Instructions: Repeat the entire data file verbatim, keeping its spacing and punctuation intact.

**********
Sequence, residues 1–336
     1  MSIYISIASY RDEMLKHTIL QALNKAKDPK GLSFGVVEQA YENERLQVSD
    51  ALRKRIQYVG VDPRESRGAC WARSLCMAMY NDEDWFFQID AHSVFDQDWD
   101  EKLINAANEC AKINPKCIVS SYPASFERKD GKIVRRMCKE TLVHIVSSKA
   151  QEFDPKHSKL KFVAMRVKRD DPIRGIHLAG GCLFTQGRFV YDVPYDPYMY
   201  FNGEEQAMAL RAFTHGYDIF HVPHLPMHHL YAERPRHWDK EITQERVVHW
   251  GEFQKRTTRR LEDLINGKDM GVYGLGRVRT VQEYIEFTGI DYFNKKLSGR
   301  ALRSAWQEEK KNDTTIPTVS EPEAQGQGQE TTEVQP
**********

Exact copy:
Sequence, residues 1–336
     1  MSIYISIASY RDEMLKHTIL QALNKAKDPK GLSFGVVEQA YENERLQVSD
    51  ALRKRIQYVG VDPRESRGAC WARSLCMAMY NDEDWFFQID AHSVFDQDWD
   101  EKLINAANEC AKINPKCIVS SYPASFERKD GKIVRRMCKE TLVHIVSSKA
   151  QEFDPKHSKL KFVAMRVKRD DPIRGIHLAG GCLFTQGRFV YDVPYDPYMY
   201  FNGEEQAMAL RAFTHGYDIF HVPHLPMHHL YAERPRHWDK EITQERVVHW
   251  GEFQKRTTRR LEDLINGKDM GVYGLGRVRT VQEYIEFTGI DYFNKKLSGR
   301  ALRSAWQEEK KNDTTIPTVS EPEAQGQGQE TTEVQP